But on the northeastern frontier nothing of note occurred until the summer of 1814, when the attack upon and successful defense of Plattsburg brought the war so near to the residents of Warren county, that every inhabitant was charged with its excitement.

The British plans for the campaign of 1814 on the northern New York frontier resembled closely those made for Burgoyne in 1777. The program involved the invasion of the State, the possession of Lakes Champlain and George, the penetration of the country to Albany and below, and by the cooperation of a land and naval force, the capture of New York; and, by holding the Hudson River, separate by military posts the New England States from the remainder of the Union. It was expected that the downfall of Napoleon would release a large number of troops, and allow them to be sent to America to aid in crushing the Americans. This prospect gave joy to the "Peace party," who did not hesitate to openly flaunt their joyful hopes in the faces of the patriots, who felt at times that the struggle against their fireside foes, though bloodless, was far more bitter than the armed war against their foreign enemy. The crushing of Napoleon did release many British troops on the Continent, and several thousands of them were immediately sent to Canada to reinforce General Prevost. They arrived in July and were immediately pushed forward to Montreal. In the mean time Prevost had been engaged in extensive preparations for invading New York, increasing his flotilla Page 186 of vessels in the Sorel, and otherwise strengthening his force. Early in May General George Izard was put in command of the right division of the army of the North. On the 19th of that month he was informed that the enemy below were approaching. Captain Pring, commanding the British flotilla, moved up the Sorel, and on the 13th attacked the American flotilla under Lieutenant Thomas Macdonough, then lying at Vergennes, Vt., at the head of navigation on Otter Creek. Macdonough, having been apprised of the movement, sent a party to reinforce a detachment of light artillery who had a small battery at the mouth of the creek. Governor Chittenden, of Vermont, also ordered out some militia to assist in repelling the expected attack. On the morning of the 14th Pring's boats and a bomb sloop anchored off the mouth of the creek, where they met a warm welcome from the little battery. For an hour the cannonade continued, when Pring found it necessary to retreat. He then crossed the lake and passed a short distance up the Boquet River for the purpose of destroying a quantity of flour stored there. On his return he was assailed by a number of militia, who had gathered at the mouth of the river. Many of the British were killed and wounded. Meeting with stern repulse in each attack, Pring returned to the Sorel, a wiser man; for he had learned that the people of Vermont were ready to fight, even if their governor was opposed to the war. A few days after Macdonough sailed out of Otter Creek and anchored in Plattsburg Bay.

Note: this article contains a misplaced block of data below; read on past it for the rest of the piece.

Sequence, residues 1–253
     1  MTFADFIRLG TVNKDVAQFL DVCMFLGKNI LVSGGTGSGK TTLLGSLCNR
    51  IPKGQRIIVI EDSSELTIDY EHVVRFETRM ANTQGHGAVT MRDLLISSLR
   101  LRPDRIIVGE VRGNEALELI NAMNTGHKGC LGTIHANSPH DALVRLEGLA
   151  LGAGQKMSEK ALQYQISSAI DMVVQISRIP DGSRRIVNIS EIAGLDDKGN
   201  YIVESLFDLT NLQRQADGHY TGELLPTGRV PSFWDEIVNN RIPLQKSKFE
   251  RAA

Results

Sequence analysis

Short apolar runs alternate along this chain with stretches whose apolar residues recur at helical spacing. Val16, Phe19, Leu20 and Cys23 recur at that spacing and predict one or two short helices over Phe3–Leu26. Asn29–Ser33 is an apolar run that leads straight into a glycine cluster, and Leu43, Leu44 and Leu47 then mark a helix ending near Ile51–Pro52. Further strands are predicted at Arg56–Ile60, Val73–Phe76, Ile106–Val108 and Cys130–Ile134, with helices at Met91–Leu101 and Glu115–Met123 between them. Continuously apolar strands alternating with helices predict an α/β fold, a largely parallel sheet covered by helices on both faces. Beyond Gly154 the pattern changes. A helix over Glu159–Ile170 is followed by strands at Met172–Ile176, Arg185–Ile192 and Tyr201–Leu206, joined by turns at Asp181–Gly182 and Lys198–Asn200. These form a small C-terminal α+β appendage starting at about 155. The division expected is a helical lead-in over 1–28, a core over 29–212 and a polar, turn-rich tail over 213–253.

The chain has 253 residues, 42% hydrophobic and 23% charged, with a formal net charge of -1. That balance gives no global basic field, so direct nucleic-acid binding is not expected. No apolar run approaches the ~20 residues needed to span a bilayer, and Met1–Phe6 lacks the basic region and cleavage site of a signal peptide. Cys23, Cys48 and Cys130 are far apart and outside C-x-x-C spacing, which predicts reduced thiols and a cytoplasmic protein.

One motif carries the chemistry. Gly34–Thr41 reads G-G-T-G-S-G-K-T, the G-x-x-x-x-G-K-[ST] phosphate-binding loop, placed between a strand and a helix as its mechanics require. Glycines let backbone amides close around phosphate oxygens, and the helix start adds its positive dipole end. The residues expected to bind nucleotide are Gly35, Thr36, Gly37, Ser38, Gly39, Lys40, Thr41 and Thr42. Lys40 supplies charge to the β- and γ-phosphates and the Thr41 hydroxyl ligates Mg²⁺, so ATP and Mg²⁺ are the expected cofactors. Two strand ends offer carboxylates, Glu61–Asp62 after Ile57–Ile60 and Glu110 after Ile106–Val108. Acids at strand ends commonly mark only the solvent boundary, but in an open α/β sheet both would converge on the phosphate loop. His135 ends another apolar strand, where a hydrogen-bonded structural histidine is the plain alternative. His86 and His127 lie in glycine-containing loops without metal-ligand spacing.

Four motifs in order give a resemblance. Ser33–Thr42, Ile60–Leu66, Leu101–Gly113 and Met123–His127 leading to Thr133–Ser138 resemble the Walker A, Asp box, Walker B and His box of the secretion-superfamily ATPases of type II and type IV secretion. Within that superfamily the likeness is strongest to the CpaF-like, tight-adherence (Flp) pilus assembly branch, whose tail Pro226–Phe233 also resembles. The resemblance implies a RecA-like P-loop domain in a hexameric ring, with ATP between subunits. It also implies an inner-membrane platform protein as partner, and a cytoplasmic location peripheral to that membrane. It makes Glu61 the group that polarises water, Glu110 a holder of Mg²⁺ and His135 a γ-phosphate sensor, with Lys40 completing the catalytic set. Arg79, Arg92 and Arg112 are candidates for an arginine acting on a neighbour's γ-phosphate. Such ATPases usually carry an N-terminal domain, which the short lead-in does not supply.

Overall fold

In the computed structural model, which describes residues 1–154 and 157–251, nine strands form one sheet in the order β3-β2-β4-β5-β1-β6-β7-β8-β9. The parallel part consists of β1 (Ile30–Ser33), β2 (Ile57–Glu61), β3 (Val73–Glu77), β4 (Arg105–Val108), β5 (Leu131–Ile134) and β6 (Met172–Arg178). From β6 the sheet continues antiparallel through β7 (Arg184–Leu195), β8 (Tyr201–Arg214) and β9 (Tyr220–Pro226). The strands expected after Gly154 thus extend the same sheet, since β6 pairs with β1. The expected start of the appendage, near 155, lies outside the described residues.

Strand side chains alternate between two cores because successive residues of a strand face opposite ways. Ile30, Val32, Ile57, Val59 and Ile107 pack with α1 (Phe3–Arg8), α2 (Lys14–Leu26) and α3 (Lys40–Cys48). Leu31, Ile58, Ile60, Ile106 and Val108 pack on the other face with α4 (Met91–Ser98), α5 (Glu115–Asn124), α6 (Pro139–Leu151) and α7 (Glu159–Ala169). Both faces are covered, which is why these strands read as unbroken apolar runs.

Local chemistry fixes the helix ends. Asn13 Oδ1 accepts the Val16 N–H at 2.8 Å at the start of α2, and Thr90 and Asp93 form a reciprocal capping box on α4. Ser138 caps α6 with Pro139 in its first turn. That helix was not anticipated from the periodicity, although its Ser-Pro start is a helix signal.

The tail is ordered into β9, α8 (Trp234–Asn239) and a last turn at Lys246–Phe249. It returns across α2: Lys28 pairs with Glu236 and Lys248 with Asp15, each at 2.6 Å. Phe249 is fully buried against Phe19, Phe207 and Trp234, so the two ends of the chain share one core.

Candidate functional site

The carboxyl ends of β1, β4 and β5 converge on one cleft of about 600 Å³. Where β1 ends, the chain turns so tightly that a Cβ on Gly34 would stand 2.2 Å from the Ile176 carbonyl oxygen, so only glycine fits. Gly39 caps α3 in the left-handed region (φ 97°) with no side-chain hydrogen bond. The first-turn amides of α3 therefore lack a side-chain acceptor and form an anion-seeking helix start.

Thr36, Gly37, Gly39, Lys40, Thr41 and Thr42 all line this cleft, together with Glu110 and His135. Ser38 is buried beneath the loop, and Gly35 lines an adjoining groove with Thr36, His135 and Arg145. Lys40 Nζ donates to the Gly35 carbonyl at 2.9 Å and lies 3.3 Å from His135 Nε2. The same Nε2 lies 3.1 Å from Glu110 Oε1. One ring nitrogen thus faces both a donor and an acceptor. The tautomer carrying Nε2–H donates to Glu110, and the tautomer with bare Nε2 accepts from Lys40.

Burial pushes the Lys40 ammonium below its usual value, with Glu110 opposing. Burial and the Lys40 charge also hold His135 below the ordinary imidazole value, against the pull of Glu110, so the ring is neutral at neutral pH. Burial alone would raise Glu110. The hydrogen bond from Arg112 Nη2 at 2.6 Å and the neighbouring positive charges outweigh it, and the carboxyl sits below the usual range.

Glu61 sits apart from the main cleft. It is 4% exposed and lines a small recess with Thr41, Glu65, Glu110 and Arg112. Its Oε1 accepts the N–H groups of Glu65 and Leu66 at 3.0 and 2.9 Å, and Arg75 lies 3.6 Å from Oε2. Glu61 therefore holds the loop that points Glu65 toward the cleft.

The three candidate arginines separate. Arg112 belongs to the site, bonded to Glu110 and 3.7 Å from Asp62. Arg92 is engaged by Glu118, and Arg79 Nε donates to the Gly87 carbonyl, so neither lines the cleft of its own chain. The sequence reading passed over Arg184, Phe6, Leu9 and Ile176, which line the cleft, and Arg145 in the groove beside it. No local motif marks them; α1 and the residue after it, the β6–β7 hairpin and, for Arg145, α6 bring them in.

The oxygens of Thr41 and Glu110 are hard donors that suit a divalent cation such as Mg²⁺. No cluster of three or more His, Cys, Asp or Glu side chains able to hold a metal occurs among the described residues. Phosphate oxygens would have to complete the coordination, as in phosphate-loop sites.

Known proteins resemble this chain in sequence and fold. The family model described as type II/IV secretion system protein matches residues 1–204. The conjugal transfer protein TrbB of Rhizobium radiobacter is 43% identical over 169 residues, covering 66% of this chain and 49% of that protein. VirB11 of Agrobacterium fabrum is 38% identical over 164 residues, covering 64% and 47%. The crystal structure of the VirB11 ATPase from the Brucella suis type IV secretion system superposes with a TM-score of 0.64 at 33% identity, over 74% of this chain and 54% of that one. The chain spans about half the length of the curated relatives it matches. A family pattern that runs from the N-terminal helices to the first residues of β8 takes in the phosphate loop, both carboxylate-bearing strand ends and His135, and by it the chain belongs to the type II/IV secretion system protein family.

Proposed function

All through the month of May both parties were making additional preparations to settle the question of the supremacy of Lake Champlain and the route to the Hudson. Both sides were reinforced with men and material.

General Izard, contrary to the orders of the secretary of war, erected a battery of four eighteen-pounders at Cumberland Head, instead of at Rouse's Point at the mouth of the Soul, where the secretary, urged by Major Totten, chief engineer, ordered it placed.